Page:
A county employee in Santa Clara, California supposedly defrauded the local government by…
[Using] his personal credit card to pay for his travel expenses as well as the expenses of employees, all of whom are supposed to use a county credit card. In some cases, he would use his credit card to pay their expenses when he was not traveling with them. He’d get reimbursed for the expenses – and allegedly keep the points..
Wait. Say what..?
He’s accused of paying for legitimate business travel, and then getting reimbursed for the expenses. I’m shocked, shocked to find that expense reimbursements are going on here!
This story actually has witnesses hidden to protect their identity!
He ran $55,000 in travel expenses through his personal cards for the points… over the past six years. That’s less than $10,000 per year. He wouldn’t even spend enough to earn top tier elite status with United or Delta if all of the money was airfare on either carrier and for his own travel.
And employees without county credit cards are permitted to use their own cards. The county has a clear policy to reimburse travel expenses put onto personal cards. Moreover, for the past six years the expense reports have been getting approved.
The underlying news story contends that there’s a clear policy that’s being violated. But here’s the policy:
Frequent flyer credits earned by county employees for travel on County business should be applied toward future county travel. Please note that personal use of airline frequent flyer mileage credit earned on County business is a taxable fringe benefit to the employee pursuant to the IRS regulations, and County has no intention to provide such fringe benefits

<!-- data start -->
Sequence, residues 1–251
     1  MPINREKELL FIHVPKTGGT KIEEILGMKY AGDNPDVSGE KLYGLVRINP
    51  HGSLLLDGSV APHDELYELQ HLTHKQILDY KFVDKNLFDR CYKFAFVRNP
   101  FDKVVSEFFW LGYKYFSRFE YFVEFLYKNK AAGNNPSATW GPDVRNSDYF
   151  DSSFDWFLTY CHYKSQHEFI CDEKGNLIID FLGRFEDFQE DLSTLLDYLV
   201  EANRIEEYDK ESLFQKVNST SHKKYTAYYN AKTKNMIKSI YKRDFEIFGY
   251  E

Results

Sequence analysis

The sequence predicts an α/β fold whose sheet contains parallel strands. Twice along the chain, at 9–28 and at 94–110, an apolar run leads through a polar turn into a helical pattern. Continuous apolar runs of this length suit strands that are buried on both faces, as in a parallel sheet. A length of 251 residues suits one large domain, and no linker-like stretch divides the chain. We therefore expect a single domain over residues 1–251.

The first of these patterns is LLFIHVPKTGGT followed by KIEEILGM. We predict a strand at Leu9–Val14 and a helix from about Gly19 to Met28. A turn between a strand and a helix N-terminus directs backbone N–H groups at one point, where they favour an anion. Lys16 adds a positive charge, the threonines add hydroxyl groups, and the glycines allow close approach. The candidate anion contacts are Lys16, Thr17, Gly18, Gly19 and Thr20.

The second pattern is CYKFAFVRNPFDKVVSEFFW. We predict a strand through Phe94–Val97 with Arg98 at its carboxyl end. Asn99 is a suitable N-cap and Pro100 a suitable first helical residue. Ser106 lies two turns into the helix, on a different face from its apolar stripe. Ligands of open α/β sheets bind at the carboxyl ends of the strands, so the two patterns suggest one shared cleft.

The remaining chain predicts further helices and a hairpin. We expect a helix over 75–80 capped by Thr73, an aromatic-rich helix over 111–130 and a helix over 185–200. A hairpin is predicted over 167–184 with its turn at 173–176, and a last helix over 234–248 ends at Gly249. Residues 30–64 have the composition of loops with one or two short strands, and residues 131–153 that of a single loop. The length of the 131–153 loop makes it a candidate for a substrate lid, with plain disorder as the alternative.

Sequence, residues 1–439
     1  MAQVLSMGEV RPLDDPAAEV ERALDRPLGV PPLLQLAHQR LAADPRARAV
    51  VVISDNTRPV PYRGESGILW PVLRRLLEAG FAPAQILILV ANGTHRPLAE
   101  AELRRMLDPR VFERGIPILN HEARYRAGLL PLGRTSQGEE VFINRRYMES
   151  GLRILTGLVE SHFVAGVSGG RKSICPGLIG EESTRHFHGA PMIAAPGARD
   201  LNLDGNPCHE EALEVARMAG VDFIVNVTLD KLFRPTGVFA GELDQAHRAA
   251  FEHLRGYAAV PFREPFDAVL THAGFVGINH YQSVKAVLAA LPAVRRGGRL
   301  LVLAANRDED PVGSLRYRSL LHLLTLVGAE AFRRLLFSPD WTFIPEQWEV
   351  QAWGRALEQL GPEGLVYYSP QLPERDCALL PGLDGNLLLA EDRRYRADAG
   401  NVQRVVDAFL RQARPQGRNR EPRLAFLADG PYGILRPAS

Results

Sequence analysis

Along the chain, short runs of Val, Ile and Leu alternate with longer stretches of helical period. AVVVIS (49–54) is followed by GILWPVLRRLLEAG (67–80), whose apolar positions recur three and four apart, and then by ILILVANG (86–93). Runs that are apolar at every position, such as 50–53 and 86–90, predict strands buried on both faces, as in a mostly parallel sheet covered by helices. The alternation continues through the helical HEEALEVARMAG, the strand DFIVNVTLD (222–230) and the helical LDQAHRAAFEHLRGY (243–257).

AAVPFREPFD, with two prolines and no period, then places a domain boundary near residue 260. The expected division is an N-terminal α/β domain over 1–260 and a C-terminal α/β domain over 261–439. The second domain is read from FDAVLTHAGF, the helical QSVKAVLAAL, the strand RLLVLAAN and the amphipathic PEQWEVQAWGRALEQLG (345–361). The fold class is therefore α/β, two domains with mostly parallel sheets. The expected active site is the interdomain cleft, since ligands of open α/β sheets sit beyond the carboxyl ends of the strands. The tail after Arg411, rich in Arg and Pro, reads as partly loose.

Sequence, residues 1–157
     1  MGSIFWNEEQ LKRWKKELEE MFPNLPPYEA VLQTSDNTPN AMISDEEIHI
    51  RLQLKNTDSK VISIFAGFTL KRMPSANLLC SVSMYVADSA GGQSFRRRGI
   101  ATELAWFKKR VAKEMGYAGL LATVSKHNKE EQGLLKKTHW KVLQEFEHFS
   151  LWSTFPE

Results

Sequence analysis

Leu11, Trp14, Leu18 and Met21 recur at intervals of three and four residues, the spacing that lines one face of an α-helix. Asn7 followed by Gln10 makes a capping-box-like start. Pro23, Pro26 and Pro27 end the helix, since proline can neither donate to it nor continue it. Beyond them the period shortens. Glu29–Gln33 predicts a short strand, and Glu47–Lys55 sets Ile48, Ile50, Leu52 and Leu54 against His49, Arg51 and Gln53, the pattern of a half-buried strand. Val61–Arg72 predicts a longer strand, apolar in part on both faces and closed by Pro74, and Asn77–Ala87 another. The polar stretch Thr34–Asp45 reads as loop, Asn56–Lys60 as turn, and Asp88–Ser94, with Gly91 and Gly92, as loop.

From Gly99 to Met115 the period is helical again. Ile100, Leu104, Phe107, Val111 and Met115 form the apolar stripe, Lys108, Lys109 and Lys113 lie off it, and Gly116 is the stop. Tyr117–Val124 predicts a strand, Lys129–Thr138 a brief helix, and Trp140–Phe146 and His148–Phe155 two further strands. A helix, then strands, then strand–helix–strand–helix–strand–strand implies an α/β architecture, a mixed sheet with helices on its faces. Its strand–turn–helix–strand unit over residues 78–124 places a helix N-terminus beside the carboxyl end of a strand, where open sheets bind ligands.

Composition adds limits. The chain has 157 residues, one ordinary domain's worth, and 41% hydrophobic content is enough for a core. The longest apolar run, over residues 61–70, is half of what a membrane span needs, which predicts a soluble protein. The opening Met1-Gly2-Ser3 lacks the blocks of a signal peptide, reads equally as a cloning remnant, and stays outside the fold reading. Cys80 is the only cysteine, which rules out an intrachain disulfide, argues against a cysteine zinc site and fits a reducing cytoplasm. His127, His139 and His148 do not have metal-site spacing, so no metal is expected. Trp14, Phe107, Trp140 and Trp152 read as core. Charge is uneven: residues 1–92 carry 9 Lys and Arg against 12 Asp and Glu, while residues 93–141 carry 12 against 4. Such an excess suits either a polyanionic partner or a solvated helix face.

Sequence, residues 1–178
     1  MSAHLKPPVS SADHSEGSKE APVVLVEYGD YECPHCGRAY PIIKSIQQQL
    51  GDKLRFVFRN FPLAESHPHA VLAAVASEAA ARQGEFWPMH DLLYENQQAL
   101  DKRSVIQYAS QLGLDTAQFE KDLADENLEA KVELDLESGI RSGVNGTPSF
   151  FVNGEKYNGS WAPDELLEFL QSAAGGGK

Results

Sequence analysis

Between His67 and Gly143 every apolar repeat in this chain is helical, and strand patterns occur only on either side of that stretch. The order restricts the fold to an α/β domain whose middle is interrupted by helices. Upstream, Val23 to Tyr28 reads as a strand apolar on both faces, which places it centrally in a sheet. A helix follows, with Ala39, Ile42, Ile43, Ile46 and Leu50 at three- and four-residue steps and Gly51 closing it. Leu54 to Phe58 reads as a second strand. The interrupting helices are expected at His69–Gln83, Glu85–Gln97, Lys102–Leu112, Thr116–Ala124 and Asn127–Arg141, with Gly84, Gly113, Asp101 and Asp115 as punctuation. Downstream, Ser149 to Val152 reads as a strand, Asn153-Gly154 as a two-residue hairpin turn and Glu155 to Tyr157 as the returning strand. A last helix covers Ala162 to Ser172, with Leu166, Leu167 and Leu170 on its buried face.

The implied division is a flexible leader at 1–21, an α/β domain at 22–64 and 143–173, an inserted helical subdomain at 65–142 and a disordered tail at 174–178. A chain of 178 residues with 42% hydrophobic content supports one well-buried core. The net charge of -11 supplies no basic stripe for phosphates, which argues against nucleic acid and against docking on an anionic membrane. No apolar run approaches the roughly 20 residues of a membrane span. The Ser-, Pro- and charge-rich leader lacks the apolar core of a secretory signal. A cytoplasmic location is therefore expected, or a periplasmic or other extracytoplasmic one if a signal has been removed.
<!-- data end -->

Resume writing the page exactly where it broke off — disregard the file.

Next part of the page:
First, the points-earning in question here is from credit card spend and not points earned from travel. The County has a policy, it seems, similar to what the federal government did until 12 years ago.
Second, the County ought not be in the business of giving tax advice since the IRS has clearly taken the position that miles earned from business travel will not be treated as a fringe benefit for tax purposes.
Keeping employee points earned through business travel – at least where those points are deposited into employee accounts rather than centrally pooled – turned out not to be an effective means of reducing the cost of business travel.
- Employees who can’t keep their miles don’t add their frequent flyer account to bookings.
- It’s tough to sort through which miles were earned through business travel versus other means like credit card spend, shopping portal points, etc.
- Booking business travel on points is challenging becuase the needs of the former are often incompatible with the schedule flexibility needed to deal with capacity controls.
The federal government gave up the effort. Santa Clara apparently has not. But their policy doesn’t speak to points earned through credit card spend in any case, it seems… scary words like “scheme” and claims that this came at taxpayer expense notwithstanding. At most the use of a personal credit card, contemplated by company policy, meant any rebates the county might have earned by pushing the spend through their own card were not received (if the county has such a benefit).
The news story is aghast at the promised benefits of rewards programs!
Gold Passport’s Jeff Zidell declares, “the only thing better than bacon is… free bacon!”
As so many news stories about travel are, this one gets confused between the points earned from credit card spend and the benefits that may have been accrued by putting a hotel loyalty program account number onto someone else’s room that wasn’t aware they could have added their own. I have a feeling some of my readers may even have done similar things in the past…
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